• “The Regular,” Ken Liu (Upgraded)
  • “The Mothers of Voorhisville,” Mary Rickert (Tor.com 4/30/14)
  • Calendrical Regression, Lawrence Schoen (NobleFusion)
  • “Grand Jeté (The Great Leap),” Rachel Swirsky (Subterranean Summer ’14)

Novelette

  • “Sleep Walking Now and Then,” Richard Bowes (Tor.com 7/9/14)
  • “The Magician and Laplace’s Demon,” Tom Crosshill (Clarkesworld 12/14)
  • “A Guide to the Fruits of Hawai’i,” Alaya Dawn Johnson (F&SF 7-8/14)
  • “The Husband Stitch,” Carmen Maria Machado (Granta #129)
  • “We Are the Cloud,” Sam J. Miller (Lightspeed 9/14)
  • “The Devil in America,” Kai Ashante Wilson (Tor.com 4/2/14)

Short Story

  • “The Breath of War,” Aliette de Bodard (Beneath Ceaseless Skies 3/6/14)
  • “When It Ends, He Catches Her,” Eugie Foster (Daily Science Fiction 9/26/14)
  • “The Meeker and the All-Seeing Eye,” Matthew Kressel (Clarkesworld 5/14)
  • “The Vaporization Enthalpy of a Peculiar Pakistani Family,” Usman T. Malik (Qualia Nous)
  • “A Stretch of Highway Two Lanes Wide,” Sarah Pinsker (F&SF 3-4/14)
  • “Jackalope Wives,” Ursula Vernon (Apex 1/7/14)
  • “The Fisher Queen,” Alyssa Wong (F&SF 5/14)

Ray Bradbury Award for Outstanding Dramatic Presentation

  • Birdman or (The Unexpected Virtue of Ignorance), Written by Alejandro G. Iñárritu, Nicolás Giacobone, Alexander Dinelaris, Jr. & Armando Bo (Fox Searchlight Pictures)
  • Captain America: The Winter Soldier, Screenplay by Christopher Markus & Stephen McFeely (Walt Disney Studios Motion Pictures)
  • Edge of Tomorrow, Screenplay by Christopher McQuarrie and Jez Butterworth and John-Henry Butterworth (Warner Bros. Pictures)
  • Guardians of the Galaxy, Written by James Gunn and Nicole Perlman (Walt Disney Studios Motion Pictures)
  • Interstellar, Written by Jonathan Nolan and Christopher Nolan (Paramount Pictures)
  • The Lego Movie, Screenplay by Phil Lord & Christopher Miller  (Warner Bros. Pictures)

Andre Norton Award for Young Adult Science Fiction and Fantasy

  • Unmade, Sarah Rees Brennan (Random House)
  • Salvage, Alexandra Duncan (Greenwillow)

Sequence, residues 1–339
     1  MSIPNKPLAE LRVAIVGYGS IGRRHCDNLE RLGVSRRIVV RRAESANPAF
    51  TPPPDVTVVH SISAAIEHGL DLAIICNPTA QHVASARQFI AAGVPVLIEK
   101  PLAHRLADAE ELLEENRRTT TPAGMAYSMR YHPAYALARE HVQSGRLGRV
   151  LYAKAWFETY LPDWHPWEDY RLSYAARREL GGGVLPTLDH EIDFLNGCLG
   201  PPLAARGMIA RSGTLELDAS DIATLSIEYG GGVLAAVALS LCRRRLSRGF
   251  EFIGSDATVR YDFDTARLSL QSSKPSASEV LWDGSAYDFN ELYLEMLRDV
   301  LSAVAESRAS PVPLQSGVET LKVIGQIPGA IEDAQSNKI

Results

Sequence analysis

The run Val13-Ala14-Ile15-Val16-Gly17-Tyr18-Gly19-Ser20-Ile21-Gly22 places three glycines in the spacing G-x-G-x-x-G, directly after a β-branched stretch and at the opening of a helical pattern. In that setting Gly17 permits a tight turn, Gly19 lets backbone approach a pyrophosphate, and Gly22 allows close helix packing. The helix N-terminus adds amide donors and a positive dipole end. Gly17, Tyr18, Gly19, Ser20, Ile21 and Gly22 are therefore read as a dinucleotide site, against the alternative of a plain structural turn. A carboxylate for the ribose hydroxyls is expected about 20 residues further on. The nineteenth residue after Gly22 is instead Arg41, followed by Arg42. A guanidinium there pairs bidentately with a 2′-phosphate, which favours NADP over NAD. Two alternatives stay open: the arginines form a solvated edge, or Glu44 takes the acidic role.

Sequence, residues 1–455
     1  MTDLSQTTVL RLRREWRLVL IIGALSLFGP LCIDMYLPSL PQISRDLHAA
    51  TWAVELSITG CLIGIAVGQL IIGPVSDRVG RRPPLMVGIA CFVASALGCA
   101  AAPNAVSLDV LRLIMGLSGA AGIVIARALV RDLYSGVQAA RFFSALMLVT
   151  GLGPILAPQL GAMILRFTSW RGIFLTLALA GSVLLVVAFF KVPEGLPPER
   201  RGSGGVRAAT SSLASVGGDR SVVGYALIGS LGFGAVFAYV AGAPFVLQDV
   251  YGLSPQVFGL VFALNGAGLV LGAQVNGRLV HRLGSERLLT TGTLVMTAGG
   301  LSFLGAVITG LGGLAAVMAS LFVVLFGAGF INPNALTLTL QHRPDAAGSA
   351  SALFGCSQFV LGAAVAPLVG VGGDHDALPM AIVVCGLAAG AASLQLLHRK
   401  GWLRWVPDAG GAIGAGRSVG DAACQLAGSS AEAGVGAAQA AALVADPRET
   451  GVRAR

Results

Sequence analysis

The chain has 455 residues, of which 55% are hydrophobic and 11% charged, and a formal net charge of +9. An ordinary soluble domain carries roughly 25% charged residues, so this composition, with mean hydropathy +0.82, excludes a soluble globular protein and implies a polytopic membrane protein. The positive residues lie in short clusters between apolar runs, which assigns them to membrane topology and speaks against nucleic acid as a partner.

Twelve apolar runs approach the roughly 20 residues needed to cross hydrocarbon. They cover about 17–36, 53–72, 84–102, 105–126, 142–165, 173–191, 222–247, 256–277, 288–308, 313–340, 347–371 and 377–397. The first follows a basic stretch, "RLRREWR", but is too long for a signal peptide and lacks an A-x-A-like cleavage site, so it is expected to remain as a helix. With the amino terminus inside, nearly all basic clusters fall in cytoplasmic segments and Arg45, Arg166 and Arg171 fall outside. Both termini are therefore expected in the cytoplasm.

• Love Is the Drug, Alaya Dawn Johnson (Levine)
  • Glory O’Brien’s History of the Future, A.S. King (Little, Brown)
  • Dirty Wings, Sarah McCarry (St. Martin’s Griffin)
  • Greenglass House, Kate Milford (Clarion)
  • The Strange and Beautiful Sorrows of Ava Lavender, Leslye Walton (Candlewick)

An excellent selection of nominees, I have to say. Congratulations to all of them!

Oliver Sacks and Public Individuals at the Close

Oliver Sacks has terminal cancer and has decided to say goodbye to the public. It’s here, in the New York Times, and it’s both nicely done and something that’s being shared widely in my online social circle. Sacks seems, if not sanguine about the event, at least contented with the path of his life to date. Although it must be recognized that we’re seeing an intentionally composed piece of work, which may or may not reflect Sack’s actual frame of mind at the news, to the public, at least, he’s leaving with some uncommon grace.

And I would imagine that for someone like Sacks, who is a public figure, this is as positive a thing as can be under the circumstances. Public figures are, for better or worse, different than almost everyone else; they are characters in lives beyond their own circle of family and friends, and the narratives of their lives are at least partially offered up by others. When one of them dies suddenly and unexpectedly, the last word on their lives is usually wholly from others — friends and family, and then a host of commentators, who may or may not have been connected with that person’s life at all.

Depending on who you are as a person, having certain foreknoweldge that your life is quantifably finite — that you have only months or weeks to live — may not be a thing you want. But if it is a thing you deal with, if you are public individual, you have a chance to make your own public exit, and to leave on the terms you set. You won’t be the only one having a last word on your life (people will still talk about you after you are dead), but they and everyone else will factor in how you chose to walk off the public stage. And for many people who are in that position, I think that might be a comforting thought.

And what would I want? I don’t know how well I would handle knowing I was going to die sooner than later — I still like this place and the people in it, and I wouldn’t want to leave this party yet — but I suppose if I had to choose I wouldn’t mind knowing at least a little in advance. I think I would want to have some parting thoughts before I went, and I would like to be able to manage my public departure before I focused on spending time with family and those I loved. I guess I won’t really know until and unless it happens. Like I said, I’d be happy to have to wait a few more decades before having to think about it seriously.

But I am glad that Oliver Sacks, at least, is getting to shape his own moment. I hope he spends his remaining time exactly as he wants. I suspect he will.